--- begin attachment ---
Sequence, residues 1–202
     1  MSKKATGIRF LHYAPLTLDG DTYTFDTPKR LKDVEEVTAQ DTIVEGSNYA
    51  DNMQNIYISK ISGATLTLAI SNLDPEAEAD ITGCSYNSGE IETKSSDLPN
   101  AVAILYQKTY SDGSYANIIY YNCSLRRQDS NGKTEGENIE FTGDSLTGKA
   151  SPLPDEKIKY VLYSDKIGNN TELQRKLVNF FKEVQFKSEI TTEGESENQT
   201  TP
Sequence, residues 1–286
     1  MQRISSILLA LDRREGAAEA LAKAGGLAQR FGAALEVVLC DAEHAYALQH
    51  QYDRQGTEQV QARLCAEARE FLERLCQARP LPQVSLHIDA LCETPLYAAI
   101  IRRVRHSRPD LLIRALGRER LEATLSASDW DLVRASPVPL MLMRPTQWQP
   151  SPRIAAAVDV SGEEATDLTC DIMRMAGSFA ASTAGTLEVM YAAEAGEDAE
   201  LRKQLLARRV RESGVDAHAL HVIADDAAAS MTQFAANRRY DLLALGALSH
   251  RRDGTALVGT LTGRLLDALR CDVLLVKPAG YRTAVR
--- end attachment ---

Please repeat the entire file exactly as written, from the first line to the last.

Sequence, residues 1–202
     1  MSKKATGIRF LHYAPLTLDG DTYTFDTPKR LKDVEEVTAQ DTIVEGSNYA
    51  DNMQNIYISK ISGATLTLAI SNLDPEAEAD ITGCSYNSGE IETKSSDLPN
   101  AVAILYQKTY SDGSYANIIY YNCSLRRQDS NGKTEGENIE FTGDSLTGKA
   151  SPLPDEKIKY VLYSDKIGNN TELQRKLVNF FKEVQFKSEI TTEGESENQT
   201  TP
Sequence, residues 1–286
     1  MQRISSILLA LDRREGAAEA LAKAGGLAQR FGAALEVVLC DAEHAYALQH
    51  QYDRQGTEQV QARLCAEARE FLERLCQARP LPQVSLHIDA LCETPLYAAI
   101  IRRVRHSRPD LLIRALGRER LEATLSASDW DLVRASPVPL MLMRPTQWQP
   151  SPRIAAAVDV SGEEATDLTC DIMRMAGSFA ASTAGTLEVM YAAEAGEDAE
   201  LRKQLLARRV RESGVDAHAL HVIADDAAAS MTQFAANRRY DLLALGALSH
   251  RRDGTALVGT LTGRLLDALR CDVLLVKPAG YRTAVR